I have been a pasta lover all of my life. Growing up, my “birthday meal” every year used to be Mom’s macaroni with cream sauce and a salty slice of ham. In fact, I don’t think I’ve ever met a pasta I didn’t like – e.g., lasagna, cannelloni, tortellini, pasta alfredo, pasta with sausage and peppers, and, of course, spaghetti and meatballs. Yet, as a processed food, pasta isn’t all that healthy. And red meat has fallen out of favor given that a substance it produces during digestion – trimethylamine N-oxide or TMAO – may elevate the risk of cardiovascular disease.
So, what’s a pasta-loving gal to do? Make a few substitutions to my old spaghetti recipe!
FIRST: I substituted spaghetti squash for pasta. When cooked, this mild-flavored vegetable looks rather like a serving of angel hair pasta. I enjoy eating it plain with just a light dousing of extra virgin olive oil and Mrs. Dash seasoning. It also makes a perfectly good base for pasta sauce and compares favorably with the Real McCoy. One cup of spaghetti squash has a mere 42 calories versus 220 in noodles. Spaghetti squash also delivers quite a few essential vitamins and minerals.
To roast spaghetti squash in the oven, start by pre-heating the oven to 375°. Then:
If you’re short on time, you can slice, core, and grease the spaghetti squash, and then microwave it for 5-15 minutes, depending on the size of the squash and the microwave’s power output. Or, a pressure cooker can steam a whole, 2-lb spaghetti squash in about 15 minutes. Whatever cooking method you use, make sure you do not overcook the squash! You want the strands to have a little stiffness when cooked.
SECOND: Plant-based ground beef alternatives have been around for decades. They typically involve some combination of beans, grains, vegetables (e.g., mushrooms, kale), nuts, seeds, and/or tofu. I’ve tried a bunch of these recipes with varying degrees of success. None came close to replacing the good-old-fashioned ground beef that sizzles on the outdoor grill or cooks up nicely in a tomato sauce… until now.
In 2011, Stanford emeritus professor Pat Brown founded a company called Impossible Foods with a mission “to save meat and earth.” A biochemist and pediatrician by training, Dr. Brown was alarmed at the collapse in global biodiversity as a function of our excessive use of animals for food. He recognized that folks wouldn’t readily give up what they love to eat. So, he decided to create a plant-based product that tasted, smelled, and acted meaty.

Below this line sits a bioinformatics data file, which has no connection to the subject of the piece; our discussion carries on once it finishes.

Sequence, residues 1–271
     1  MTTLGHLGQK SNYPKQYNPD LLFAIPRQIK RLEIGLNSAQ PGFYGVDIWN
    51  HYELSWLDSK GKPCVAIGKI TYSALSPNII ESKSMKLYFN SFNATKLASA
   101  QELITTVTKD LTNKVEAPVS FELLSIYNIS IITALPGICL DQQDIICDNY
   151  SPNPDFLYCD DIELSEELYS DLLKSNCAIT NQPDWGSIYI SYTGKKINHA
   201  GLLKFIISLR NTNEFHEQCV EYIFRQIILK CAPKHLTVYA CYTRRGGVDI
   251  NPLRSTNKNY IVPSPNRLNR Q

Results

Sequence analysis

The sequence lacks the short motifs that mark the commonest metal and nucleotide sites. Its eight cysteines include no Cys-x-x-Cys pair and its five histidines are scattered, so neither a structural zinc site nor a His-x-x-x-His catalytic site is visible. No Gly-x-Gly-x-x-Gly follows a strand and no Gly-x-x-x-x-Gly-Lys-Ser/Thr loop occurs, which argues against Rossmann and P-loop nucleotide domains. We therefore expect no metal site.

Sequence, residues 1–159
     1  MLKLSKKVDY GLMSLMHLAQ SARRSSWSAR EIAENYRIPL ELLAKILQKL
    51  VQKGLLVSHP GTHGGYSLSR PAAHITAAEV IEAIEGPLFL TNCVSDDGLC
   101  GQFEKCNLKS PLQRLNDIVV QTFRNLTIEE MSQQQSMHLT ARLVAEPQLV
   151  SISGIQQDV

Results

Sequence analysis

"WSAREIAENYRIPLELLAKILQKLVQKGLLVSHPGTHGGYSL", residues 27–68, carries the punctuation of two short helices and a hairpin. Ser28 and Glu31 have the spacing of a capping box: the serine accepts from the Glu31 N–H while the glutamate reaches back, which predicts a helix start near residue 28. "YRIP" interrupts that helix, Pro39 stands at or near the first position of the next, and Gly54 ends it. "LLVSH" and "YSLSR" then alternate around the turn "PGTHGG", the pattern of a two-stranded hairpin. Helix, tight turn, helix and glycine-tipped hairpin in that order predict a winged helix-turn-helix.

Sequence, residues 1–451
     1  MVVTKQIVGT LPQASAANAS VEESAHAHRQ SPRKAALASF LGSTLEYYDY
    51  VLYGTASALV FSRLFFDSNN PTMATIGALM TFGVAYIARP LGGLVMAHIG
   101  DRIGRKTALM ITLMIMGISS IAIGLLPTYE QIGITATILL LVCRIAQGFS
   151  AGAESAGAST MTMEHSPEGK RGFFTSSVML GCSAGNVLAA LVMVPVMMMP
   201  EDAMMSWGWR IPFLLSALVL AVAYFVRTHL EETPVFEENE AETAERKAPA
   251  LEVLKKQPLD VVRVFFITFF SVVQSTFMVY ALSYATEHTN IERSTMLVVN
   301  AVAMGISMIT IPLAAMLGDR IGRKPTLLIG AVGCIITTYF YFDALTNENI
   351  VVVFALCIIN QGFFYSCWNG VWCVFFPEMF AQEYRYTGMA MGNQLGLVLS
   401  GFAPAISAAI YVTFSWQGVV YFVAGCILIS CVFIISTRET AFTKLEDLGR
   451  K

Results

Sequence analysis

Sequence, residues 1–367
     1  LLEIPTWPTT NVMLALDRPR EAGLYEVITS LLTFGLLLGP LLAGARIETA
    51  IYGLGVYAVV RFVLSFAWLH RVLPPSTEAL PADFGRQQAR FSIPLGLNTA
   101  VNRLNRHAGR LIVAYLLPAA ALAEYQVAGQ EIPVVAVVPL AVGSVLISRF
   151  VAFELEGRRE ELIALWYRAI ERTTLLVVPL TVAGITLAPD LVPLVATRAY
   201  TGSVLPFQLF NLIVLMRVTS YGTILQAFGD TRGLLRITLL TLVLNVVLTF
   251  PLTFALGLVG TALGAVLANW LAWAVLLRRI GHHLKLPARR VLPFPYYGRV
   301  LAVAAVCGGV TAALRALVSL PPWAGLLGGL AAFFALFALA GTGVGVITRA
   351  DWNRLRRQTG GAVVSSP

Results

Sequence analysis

After years of research and development, the company’s signature product – the Impossible Burger – was launched in July 2016. Version 2.0 was released in January 2019. Impossible Burgers are available in select grocers and fast food restaurants. You can buy grill-ready patties or a block of ground meat substitute. From a nutritional standpoint, the Impossible Burger compares favorably with lean ground beef. A 4-ounce patty provides 240 calories, 19 grams of protein, 9 grams of carbohydrate, and 14 grams of fat. Having tried the patties and found them tasty, I used a ground block in my favorite tomato sauce to good effect. (I doubt anyone would know that I’d made the substitution!)
For those who are lactose intolerant, you can make a “vegan parmesan cheese” to top off your spaghetti by grinding a cup of cashews, a half-cup nutritional yeast, and some salt-free seasoning (e.g., Mrs. Dash Garlic and Onion) in a small food processor. I’ve used this concoction often and find it reasonably tasty. But I also allow myself the indulgence of freshly grated Parmesan cheese from time to time.